These lots have been imported from outside the EU … Read more PROPERTY FROM THE CONSTANTINER COLLECTION, NEW YORK

Yellow Sea

Yellow Sea
gelatin silver print flush mounted on board, in artist's frame
signed and numbered 'H Sugimoto 1/5' in ink on a typed titled and dated label (frame backing board)
image/sheet/flush mount: 46 7/8 x 58 ½in. (119 x 148.6cm.)
overall: 60 1/8 x 72in. (152.8 x 183cm.)
Photographed and printed in 1992, this work is number one from an edition of five
Galerie Koyanagi, Tokyo.
Private Collection, Paris.
Anon. sale, Christie's New York, 13 November 2008, lot 324.
Acquired at the above sale by the present owner.
Sugimoto, exh. cat., Los Angeles, The Museum of Contemporary Art, 1993 (illustrated, unpaged).
H. Sugimoto, Hiroshi Sugimoto: Seascapes, Italy 2015, p. 271 (illustrated, p. 99).
Tokyo, Maison Hermes 8F Forum and London, Serpentine Gallery, L'histoire de l'historire, 2003 – 2004 (another from the edition exhibited).
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Jeremy Morrison
Jeremy Morrison

Lot Essay

Hiroshi Sugimoto is a patient, profoundly thoughtful artist who has spent his life exploring ways in which he can make meaningful photographs that quietly subvert the conventionally perceived limitations of the medium. Photography provides a practical means to faithfully capture and record visual data. The camera and its related photo-chemistry come together as a neutral recording facility, uniquely capable of the accurate replication in two dimensions of the three-dimensional material reality before the lens. In Sugimoto’s hands, however, the camera is enlisted to take the viewer beyond the material and into the realm of the abstract and transcendental.

Sugimoto’s seascapes – as with all the series that he so meticulously executes – explore concepts beyond their overt subject matter, which becomes secondary, a stepping stone towards the philosophical and existential questions with which these meditative images invite our engagement.

Sugimoto is profoundly intrigued by our relationship with time; the questioning of this relationship is central to his oeuvre. His seascapes emerged in response to a question that he put to himself some years ago. He was in New York at the time. In that dense, frenzied, high-speed urban environment, he reflected on what vista he might photograph that had not changed since mankind first contemplated our planet. The sea – in ceaseless movement yet timeless in its mass and vast extent, occupying the major proportion of the surface of the globe – presented itself as the ideal subject. And so began, in 1980, a project to make monochrome images of the sea at different points on the world map – images prized today as foremost among the artist’s most emblematic. With characteristic rigour, Sugimoto determined the strict formal parameters that he would respect through the series. Working with a large plate camera, he would make landscape-format pictures with the horizon line always delineating the precise centre of the image.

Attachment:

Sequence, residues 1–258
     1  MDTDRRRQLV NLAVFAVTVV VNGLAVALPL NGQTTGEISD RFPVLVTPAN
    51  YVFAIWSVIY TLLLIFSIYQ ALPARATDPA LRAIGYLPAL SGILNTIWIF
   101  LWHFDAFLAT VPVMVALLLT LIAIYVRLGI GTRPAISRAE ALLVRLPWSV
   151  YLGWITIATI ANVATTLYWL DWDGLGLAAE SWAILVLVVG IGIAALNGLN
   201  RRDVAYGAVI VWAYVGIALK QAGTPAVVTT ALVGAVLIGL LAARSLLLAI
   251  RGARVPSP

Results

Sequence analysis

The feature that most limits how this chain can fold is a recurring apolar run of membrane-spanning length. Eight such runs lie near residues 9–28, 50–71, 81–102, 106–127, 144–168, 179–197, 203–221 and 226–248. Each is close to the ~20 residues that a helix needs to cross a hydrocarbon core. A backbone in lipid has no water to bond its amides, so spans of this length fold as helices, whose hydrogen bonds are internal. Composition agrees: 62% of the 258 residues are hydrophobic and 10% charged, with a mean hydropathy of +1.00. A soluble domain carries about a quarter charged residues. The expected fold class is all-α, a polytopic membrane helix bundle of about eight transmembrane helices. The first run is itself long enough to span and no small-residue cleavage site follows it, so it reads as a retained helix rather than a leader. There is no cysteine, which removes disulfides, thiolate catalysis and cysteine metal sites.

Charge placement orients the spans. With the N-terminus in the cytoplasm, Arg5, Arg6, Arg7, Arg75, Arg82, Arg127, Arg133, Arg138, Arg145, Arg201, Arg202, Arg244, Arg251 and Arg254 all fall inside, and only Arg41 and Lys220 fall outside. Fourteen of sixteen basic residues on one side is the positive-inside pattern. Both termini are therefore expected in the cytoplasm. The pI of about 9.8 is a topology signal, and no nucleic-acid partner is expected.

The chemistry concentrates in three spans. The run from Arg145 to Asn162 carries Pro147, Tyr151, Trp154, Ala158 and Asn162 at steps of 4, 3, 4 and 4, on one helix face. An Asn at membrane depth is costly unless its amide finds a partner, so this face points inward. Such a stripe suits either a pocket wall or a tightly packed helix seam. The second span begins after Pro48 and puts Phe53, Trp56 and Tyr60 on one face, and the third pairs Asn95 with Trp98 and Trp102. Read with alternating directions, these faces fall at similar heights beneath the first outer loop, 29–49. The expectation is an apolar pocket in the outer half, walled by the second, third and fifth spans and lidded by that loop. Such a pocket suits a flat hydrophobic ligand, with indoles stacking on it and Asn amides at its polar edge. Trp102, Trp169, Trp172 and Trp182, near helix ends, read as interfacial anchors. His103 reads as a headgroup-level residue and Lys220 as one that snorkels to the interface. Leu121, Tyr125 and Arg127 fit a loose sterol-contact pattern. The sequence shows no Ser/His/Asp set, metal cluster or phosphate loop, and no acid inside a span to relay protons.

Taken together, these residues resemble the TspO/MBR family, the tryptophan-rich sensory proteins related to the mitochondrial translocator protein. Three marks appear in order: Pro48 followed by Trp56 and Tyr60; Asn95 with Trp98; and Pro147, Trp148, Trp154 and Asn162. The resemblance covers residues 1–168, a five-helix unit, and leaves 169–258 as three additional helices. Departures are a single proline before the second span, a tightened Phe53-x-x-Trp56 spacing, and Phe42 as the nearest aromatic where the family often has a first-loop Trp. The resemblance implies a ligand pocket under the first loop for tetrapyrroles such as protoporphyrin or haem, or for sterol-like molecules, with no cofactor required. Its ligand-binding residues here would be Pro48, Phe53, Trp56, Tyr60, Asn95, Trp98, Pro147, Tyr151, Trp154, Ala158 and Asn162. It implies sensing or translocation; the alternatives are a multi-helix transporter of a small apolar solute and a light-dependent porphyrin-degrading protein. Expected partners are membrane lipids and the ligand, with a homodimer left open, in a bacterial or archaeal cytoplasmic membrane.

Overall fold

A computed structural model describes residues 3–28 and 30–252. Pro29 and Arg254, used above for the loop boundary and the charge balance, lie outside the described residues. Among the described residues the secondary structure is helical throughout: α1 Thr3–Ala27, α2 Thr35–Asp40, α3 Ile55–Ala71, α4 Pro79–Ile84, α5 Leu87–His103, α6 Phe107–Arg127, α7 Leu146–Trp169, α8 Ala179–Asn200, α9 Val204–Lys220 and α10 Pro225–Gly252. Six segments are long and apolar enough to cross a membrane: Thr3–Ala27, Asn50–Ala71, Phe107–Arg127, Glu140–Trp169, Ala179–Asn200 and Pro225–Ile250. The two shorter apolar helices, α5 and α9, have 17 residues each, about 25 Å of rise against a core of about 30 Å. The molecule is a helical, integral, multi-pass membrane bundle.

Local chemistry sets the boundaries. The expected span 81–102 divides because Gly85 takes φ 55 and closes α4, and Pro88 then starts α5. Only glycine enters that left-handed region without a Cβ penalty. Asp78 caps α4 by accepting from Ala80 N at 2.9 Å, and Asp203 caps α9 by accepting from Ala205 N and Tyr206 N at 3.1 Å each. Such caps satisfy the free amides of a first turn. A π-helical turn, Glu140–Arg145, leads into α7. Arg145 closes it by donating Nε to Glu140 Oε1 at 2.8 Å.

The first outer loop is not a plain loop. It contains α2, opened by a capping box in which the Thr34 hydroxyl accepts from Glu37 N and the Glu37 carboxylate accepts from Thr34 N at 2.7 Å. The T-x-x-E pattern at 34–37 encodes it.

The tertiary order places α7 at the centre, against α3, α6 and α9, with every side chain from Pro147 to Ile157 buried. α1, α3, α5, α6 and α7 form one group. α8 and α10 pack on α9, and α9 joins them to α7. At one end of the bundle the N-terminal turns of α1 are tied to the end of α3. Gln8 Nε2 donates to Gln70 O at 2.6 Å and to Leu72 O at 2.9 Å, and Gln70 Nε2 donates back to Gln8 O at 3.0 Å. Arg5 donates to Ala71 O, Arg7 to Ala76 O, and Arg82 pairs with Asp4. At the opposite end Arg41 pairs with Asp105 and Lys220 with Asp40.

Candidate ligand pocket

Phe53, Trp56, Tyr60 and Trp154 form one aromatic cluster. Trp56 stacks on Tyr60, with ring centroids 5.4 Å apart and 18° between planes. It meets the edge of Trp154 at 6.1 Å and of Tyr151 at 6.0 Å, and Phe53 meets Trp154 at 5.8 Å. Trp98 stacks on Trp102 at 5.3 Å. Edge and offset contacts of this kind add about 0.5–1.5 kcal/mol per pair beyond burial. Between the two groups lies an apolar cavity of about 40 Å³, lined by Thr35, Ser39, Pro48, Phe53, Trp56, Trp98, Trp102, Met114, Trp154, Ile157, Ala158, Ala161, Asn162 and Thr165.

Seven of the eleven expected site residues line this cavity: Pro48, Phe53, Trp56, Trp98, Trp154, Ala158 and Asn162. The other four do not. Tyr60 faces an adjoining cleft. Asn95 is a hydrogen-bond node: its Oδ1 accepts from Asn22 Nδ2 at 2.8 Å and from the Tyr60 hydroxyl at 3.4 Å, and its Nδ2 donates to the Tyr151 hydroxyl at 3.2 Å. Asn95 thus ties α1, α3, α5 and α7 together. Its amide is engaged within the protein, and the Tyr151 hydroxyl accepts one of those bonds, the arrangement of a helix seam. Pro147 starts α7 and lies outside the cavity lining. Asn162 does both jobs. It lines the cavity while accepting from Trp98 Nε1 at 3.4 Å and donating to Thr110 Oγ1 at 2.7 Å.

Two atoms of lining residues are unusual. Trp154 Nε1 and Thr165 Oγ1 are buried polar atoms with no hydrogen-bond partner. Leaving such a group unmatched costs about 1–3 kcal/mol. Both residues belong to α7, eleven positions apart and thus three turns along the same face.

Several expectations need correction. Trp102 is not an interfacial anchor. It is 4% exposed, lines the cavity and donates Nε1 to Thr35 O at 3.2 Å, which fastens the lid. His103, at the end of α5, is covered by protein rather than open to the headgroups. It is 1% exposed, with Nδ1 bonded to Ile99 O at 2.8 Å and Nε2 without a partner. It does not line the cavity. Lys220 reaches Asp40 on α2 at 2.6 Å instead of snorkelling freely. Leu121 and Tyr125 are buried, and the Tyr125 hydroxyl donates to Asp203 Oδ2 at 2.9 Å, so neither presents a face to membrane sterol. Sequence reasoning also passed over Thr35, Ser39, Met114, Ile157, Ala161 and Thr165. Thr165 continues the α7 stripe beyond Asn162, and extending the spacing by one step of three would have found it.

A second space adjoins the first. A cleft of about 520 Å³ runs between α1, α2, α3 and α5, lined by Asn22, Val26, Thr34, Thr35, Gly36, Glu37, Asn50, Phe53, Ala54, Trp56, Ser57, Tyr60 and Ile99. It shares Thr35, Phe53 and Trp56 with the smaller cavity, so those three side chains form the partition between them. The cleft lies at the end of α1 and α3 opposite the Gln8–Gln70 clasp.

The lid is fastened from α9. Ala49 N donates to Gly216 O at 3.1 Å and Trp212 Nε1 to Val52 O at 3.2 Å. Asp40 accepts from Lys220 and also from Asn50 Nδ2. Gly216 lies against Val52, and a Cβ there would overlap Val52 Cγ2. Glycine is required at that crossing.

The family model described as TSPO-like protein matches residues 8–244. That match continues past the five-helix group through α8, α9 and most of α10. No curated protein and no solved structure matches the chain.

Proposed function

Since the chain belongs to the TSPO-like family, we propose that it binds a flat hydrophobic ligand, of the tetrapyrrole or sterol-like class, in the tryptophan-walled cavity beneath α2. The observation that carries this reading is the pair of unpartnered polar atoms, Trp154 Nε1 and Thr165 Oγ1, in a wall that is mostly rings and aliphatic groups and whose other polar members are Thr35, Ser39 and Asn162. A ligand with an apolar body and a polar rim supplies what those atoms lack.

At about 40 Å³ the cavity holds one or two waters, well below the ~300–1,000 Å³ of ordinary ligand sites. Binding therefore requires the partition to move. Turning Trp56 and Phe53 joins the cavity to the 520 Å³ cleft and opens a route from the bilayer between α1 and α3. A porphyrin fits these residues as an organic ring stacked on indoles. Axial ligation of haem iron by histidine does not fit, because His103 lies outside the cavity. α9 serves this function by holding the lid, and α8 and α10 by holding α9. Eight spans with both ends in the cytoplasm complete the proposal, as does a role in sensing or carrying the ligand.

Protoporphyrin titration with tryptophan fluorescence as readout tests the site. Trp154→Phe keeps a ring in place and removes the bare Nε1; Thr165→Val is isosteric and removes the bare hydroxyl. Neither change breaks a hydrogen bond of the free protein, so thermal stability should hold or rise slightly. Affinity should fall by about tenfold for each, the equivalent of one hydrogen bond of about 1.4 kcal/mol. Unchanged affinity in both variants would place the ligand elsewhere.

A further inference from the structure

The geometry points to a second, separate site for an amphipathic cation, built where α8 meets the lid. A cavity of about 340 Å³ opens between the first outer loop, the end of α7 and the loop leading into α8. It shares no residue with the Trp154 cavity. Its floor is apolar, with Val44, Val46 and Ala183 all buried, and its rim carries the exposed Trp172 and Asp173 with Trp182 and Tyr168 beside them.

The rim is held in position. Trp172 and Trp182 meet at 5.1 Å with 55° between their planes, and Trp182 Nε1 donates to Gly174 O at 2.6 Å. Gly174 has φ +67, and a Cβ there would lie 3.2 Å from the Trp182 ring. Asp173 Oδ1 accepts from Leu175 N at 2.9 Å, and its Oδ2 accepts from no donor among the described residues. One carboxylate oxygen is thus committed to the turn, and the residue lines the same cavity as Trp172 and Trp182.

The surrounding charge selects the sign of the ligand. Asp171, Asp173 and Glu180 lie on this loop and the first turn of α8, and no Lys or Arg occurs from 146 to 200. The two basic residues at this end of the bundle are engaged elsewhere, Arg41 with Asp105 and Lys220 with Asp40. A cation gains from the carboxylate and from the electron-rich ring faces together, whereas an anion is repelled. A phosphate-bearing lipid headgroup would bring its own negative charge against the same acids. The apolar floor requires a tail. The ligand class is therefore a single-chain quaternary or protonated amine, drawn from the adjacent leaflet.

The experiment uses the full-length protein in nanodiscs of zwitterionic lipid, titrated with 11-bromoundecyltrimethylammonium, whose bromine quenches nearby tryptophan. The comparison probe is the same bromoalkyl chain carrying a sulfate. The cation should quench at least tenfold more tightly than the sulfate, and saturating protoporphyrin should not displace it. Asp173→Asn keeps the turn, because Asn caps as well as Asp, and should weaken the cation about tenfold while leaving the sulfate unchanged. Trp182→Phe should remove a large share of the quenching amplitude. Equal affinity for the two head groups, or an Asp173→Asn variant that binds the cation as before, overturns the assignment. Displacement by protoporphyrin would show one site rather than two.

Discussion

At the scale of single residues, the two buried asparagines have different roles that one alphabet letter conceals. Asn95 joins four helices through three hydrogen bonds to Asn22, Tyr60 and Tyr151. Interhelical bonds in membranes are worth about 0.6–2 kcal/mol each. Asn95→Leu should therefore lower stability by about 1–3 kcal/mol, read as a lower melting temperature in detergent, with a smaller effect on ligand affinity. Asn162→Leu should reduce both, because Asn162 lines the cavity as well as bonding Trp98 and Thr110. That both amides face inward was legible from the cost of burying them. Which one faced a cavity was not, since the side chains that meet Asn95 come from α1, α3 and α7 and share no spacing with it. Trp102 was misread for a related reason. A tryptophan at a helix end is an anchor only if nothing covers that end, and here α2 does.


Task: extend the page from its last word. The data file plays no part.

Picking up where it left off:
The sea has, of course, for centuries provided inspiration to creative spirits in various media – in painting, in drawing, but also in literary contexts, in song, and in dance. The sea has proved its hold over the human imagination in works as disparate as Turner’s mystical marine paintings, Baudelaire’s ‘L’Homme et la Mer’ in which the depths of the sea are the poet’s metaphor for the unfathomable human soul, and the Royal Ballet’s recent ‘Woolf Works’ inspired from Virginia Woolf’s The Waves, While many photographers have, since the 1850s, chosen the sea as a subject, most have concentrated on the physical characteristics of this elusive subject – perhaps most notably the crashing wave – and illustrated the sea’s relationship with the shore, and with the human life on and beside the water.

Sugimoto’s seascapes – and all the more emphatically his powerful large formats such as the present work – situate themselves apart from this photographic tradition. They align rather with the works of certain notable artists of the second half of the 20th century, in a lineage of abstractionists, foremost among them Mark Rothko, whose austere, minimal, horizontally bifurcated monochrome canvases draw us into those same eternal, immeasurable, contemplative spaces opened up by Sugimoto.

Philippe Garner

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